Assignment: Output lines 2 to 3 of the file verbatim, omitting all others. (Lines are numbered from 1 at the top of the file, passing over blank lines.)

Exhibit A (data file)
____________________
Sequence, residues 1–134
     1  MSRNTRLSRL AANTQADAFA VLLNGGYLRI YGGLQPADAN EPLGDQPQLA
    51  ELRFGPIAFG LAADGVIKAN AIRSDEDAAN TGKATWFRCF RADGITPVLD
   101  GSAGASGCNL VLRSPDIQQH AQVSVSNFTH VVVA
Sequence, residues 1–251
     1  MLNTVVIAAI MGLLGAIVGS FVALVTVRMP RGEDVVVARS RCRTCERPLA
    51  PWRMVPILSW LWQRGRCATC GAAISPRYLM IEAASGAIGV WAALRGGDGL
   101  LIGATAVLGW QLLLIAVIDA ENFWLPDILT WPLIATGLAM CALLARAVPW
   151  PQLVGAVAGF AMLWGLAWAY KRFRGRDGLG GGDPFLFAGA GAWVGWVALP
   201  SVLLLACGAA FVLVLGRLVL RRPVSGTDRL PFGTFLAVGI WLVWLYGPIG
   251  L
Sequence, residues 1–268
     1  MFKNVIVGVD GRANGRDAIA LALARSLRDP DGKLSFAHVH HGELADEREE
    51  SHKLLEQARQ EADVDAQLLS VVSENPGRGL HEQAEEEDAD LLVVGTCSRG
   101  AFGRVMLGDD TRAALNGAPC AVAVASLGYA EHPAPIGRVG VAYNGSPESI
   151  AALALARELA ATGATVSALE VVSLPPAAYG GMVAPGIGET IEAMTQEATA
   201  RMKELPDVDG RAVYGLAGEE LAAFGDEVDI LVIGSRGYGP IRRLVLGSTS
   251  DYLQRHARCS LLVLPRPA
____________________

     1  MSRNTRLSRL AANTQADAFA VLLNGGYLRI YGGLQPADAN EPLGDQPQLA
    51  ELRFGPIAFG LAADGVIKAN AIRSDEDAAN TGKATWFRCF RADGITPVLD